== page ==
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Bentley Is Putting the Brakes on Its Electric Vehicle Until 2025 or 2026

Perfection takes time.

Bentley EXP 100 GT Concept Bentley

Bentley will settle for nothing but the best—and that includes the batteries that will power its forthcoming electric vehicles. The fastidious marque has announced it will wait half a decade to release its first, highly-anticipated EV to ensure its battery pack is up to Bentley standards.

Basically, it’s all to do with range, power and price. The marque wants batteries to improve in these three areas before it incorporates them into its zero-emission models and, apparently, five is the magic number.

“We will launch our first battery-electric vehicle in the middle of the 2020s because we anticipate in five years the increase in power density—or the introduction of solid-state batteries—will allow a 30 percent-plus improvement in performance,” Bentley’s CEO Adrian Hallmark told Top Gear in a recent interview.

Bentley EXP 100 GT Concept

Bentley EXP 100 GT Concept  Bentley

Because Bentley built its name on grand tourers, the new battery-powered rides need to be able to cover some serious distance. A measly 100 miles on a charge will not suffice, and the marque wants at least 300 miles per charge. This will put Bentley in direct competition with the class of long-range electric vehicles that currently boast over 200 miles per charge.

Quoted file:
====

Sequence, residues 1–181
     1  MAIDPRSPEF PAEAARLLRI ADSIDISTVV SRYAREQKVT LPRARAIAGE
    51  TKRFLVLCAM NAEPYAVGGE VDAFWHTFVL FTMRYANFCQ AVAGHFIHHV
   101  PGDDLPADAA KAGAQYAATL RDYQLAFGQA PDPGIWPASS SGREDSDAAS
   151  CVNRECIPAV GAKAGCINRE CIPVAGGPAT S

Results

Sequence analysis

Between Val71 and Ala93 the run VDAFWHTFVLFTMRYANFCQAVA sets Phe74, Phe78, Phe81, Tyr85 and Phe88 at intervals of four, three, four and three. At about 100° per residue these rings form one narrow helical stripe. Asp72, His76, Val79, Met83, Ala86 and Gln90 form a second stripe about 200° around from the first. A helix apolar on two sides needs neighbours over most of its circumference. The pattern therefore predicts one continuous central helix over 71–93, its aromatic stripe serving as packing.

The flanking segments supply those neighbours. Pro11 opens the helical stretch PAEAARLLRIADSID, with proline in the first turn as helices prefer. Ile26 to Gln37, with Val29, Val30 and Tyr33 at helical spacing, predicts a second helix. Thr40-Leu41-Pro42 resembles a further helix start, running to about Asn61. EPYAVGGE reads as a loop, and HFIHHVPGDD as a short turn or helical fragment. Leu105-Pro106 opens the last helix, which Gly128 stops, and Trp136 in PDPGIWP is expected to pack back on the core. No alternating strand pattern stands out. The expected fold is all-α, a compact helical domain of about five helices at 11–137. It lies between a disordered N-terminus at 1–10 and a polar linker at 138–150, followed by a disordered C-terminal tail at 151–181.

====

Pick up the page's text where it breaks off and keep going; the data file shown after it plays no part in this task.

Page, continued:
On top of that, the marque is eager to take full advantage of the innovative configurations made possible by the electric powertrains. “By 2025/26, with the known road map, we’ll be able to build a proper Bentley EV,” said Hallmark. “The right wheelbase, right amount of occupants, the right size and shape.” Hallmark didn’t give any specifics regarding aesthetics but hinted the marque’s first EV could be a limited-edition riff on a Mulliner classic. He also cited the Jaguar I-Pace as an example of an EV with optimum size and shape. And if the Bentley EXP 100 GT Concept (pictured here) is anything to go by, it’s sure to be a beauty.

Bentley EXP 100 GT Concept

Bentley EXP 100 GT Concept  Bentley

Bentley is also hoping batteries will become more affordable. “Batteries are six times the price of an engine, and an engine is 20 percent the cost of a car,” Hallmark said. “EVs are very expensive today because batteries are expensive.” Competitive pricing is important, even if you’re buying a Bentley.

With 39 percent of luxury car shoppers actively looking for an electric vehicle, it’s certainly worth Bentley spending the time to refine its battery-powered dream machine. It just means five more years of waiting, unfortunately.

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